Having fun in Durban can be hungry business, at which point “grabbing a chow” becomes pretty top of mind.
Durban may not be known as the gastronomic capital of the country, but the city still has much to offer.
Durban alongside London, has something no other city in the world has: an international reputation as one of the only places off the Indian subcontinent where you can get GREAT curry!
Because Durban has a great climate, outdoor eating venues are popular and there are plenty of places you can sit and look out over the sea, the bay, a stunning garden or watch the world go by and get great food at the same time.
In this blog, we explore Indian food and the most popular take-away known as a “bunny chow”.
Definition of “Bunny Chow”
A “bunny chow” has nothing to do with rabbits, but is a half or quarter load of fresh white bread, scooped out and filled with steaming hot curry. These takeaway curries are usually very reasonably priced.
Bunny chow myths and legends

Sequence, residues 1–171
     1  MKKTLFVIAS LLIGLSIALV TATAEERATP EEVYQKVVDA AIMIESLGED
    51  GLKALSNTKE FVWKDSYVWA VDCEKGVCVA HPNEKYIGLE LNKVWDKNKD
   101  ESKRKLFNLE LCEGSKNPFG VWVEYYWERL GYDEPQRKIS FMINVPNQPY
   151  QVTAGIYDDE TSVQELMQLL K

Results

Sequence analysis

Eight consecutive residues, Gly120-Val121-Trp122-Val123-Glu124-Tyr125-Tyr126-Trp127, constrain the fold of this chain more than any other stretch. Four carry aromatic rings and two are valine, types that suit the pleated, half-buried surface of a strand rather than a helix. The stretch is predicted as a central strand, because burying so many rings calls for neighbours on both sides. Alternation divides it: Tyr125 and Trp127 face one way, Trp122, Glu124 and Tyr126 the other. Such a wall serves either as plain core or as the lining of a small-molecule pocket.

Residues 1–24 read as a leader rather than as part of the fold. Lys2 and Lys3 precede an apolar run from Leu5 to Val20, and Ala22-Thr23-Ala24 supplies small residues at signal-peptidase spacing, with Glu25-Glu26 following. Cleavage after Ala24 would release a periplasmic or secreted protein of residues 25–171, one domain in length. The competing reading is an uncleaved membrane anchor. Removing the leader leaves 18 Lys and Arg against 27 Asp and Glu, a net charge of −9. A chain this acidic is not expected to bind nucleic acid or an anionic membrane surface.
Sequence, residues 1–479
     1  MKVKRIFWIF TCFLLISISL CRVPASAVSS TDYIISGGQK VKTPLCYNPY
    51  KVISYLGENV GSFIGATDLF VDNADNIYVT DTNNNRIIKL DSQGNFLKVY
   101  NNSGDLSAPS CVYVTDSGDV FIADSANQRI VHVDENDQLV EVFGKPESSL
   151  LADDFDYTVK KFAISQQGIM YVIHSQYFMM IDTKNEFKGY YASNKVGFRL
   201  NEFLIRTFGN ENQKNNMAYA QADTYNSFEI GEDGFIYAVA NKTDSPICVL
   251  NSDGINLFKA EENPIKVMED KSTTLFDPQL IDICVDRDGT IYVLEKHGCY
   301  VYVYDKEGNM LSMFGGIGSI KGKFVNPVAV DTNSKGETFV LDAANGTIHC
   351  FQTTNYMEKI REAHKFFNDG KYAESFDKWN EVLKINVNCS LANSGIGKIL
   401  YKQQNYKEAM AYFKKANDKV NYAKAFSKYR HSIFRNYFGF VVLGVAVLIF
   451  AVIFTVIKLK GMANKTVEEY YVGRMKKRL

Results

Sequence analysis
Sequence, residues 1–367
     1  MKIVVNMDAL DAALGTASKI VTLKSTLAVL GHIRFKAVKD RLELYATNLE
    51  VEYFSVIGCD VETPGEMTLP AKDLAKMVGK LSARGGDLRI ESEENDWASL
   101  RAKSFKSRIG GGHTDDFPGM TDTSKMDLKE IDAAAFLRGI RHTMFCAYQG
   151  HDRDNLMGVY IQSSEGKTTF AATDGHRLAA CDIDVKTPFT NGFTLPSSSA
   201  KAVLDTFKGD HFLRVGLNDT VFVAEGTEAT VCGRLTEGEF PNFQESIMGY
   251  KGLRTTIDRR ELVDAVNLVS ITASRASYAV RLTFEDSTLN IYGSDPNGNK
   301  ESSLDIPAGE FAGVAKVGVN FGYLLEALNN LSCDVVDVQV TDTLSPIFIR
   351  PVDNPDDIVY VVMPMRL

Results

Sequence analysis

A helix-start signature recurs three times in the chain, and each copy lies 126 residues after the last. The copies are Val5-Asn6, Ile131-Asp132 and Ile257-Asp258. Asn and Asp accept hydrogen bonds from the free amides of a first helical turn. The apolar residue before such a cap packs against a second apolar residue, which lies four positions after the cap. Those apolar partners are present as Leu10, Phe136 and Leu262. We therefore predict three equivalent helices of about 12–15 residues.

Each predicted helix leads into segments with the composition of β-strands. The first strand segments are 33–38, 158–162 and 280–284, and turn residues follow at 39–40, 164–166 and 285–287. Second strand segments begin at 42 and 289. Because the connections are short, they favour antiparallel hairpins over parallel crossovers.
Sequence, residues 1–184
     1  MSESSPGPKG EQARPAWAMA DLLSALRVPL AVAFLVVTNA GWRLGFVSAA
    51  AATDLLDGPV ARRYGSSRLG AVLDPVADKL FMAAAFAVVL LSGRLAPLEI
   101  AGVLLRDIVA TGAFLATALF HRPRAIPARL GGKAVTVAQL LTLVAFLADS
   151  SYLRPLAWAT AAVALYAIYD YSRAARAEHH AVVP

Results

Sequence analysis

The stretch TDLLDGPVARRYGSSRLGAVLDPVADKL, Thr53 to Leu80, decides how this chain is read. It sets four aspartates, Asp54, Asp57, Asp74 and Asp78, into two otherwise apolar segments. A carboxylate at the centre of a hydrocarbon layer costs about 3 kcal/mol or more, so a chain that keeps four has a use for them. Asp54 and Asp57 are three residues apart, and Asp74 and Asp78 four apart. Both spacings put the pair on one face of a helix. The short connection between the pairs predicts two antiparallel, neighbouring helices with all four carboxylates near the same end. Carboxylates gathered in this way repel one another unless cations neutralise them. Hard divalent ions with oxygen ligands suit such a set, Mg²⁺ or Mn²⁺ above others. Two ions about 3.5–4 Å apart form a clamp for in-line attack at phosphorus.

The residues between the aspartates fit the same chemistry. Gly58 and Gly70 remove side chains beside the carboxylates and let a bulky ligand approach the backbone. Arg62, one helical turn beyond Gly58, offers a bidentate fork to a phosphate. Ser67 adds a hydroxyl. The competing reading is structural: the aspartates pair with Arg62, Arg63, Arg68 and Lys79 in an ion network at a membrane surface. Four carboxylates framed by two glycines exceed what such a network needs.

‘Bunny’ is a Zulu corruption of the world Bhania or Bunia, people who in India are a caste or class of merchants or traders (some say from Gujarat). In Durban, they were apparently the guys who, back in the bad old apartheid days, found a creative way of serving take-away curry to their working-class customers who weren’t allowed inside their restaurants.
Because many Indian workers had to leave early for work, there was often no time to make Indian-style bread. Western-style bread was a handy substitute that also provided a great way to serve the curry without the plate.
The origin of the world ‘chow’ is also disputed, apparently coming from the Chinese word ch’ao which means to ‘fry’ or ‘cook’.
But really, you don’t have to understand a bunny chow, you have to eat it!
To find more and discover 100 activities in and around Durban, purchase a copy of Visitor’s Guide Durban & Surrounds here